• Halve 6-7 chillies, throw them in a medium-hot cast iron pan with a tablespoon of cumin seeds and toast for around 5min. (For a milder powder, remove stems and seeds first.) 
  • Leave to cool, then whizz up in a blender (or coffee grinder) with 1 tbsp of garlic powder and 1/2 tbsp of oregano. 
  • Tip into an airtight jar and deploy at will. 
  • Sprinkle into a sweet potato and spinach curry for a triple whammy of eyesight-protecting vitamin A.

Hot Chilli Sauce:
  • Blend together six whole chillies with around half their weight in oil. That’s your basic paste. 
  • Leave that aside while you heat up a dash of oil in a pan and gently fry three cloves of garlic, three onions and six tablespoons of tomato paste. 
  • Once the ingredients are softening, add your paste and season with salt and sugar to taste. 
  • Cook for another 10-15 minutes over a medium heat before serving (or pouring into a sterilised bottle). 

Dollop over salmon fillets, creating an anti-inflammatory combo.

On Our Dreamtime we love cooking with Chilli and you will find many of our recipes incorporate chilli. We also like it hot so if you like a soft pallet cut down the listed amount you can always add more later. For recipes head over to the individual recipe pages to find your favourites...

Chilli Crab is one of our favourites

Miracle Spice ....Some things you may not know about chilli
Their health benefits are myriad, and it seems that now, finally, the rest of the world has caught on. You might not know that gram-for-gram, chillies contain more vitamin C than oranges and more vitamin A than tomatoes. Although chilli is packed with vitamin C, fibre, potassium and some B group vitamins it is eaten in such small quantities that its overall nutritional contribution is usually minor.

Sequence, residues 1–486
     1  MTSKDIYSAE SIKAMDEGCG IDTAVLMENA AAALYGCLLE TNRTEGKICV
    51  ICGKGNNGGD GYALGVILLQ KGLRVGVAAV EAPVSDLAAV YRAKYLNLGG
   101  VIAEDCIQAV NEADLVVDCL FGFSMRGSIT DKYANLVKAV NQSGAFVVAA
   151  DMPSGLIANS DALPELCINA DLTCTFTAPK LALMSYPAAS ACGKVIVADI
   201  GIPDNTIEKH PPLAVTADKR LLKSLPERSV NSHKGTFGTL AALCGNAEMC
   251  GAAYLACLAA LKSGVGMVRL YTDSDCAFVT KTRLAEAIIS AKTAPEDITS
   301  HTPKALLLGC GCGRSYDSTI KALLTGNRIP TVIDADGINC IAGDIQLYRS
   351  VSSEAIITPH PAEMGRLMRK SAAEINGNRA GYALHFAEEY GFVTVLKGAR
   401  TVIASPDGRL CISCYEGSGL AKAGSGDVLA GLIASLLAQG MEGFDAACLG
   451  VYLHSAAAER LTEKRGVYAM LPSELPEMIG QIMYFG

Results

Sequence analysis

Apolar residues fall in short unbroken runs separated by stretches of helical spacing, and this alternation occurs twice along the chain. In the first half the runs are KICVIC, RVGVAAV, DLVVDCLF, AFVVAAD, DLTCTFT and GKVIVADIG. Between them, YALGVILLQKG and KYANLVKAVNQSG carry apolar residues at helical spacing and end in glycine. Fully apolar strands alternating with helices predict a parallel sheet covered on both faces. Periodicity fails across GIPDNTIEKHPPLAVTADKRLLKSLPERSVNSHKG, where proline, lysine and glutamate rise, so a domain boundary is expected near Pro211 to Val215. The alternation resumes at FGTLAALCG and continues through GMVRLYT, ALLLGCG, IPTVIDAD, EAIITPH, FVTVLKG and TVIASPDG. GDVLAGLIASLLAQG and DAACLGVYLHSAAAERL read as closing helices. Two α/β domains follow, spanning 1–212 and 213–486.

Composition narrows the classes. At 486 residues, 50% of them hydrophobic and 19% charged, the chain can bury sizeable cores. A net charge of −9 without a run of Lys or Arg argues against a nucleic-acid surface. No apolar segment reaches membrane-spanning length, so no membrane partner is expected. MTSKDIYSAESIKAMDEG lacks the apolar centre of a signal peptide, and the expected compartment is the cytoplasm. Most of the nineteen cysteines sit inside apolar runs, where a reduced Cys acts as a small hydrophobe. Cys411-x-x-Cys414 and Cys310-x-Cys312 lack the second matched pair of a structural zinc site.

But researchers believe the capsaicin in chilli could be of enormous medicinal benefit.

Capsaicin is thought to: 

  • Stave off colds. The capsaicin opens the nasal passages, easing congestion.
  • Increase the metabolic rate, helping burn calories.
  • Reduce cholesterol and fight high blood pressure.
  • Assist sound sleep. Capsaicin is thought to influence brain receptors which control sleep cycles.
  • Relieve arthritis pain when applied via topical cream.
  • Possibly kill cancer cells. Scientists are currently investigating.
  • Capsaicin is responsible for stimulating the sensors on the tongue which detect heat and pain, tricking the brain into thinking the tongue is on fire! 

If you’re wondering what you can cook with some chilli I have some great recipes for you!  There's a variety of recipes in the Our Galley recipe pages that have a delicious chilli focus.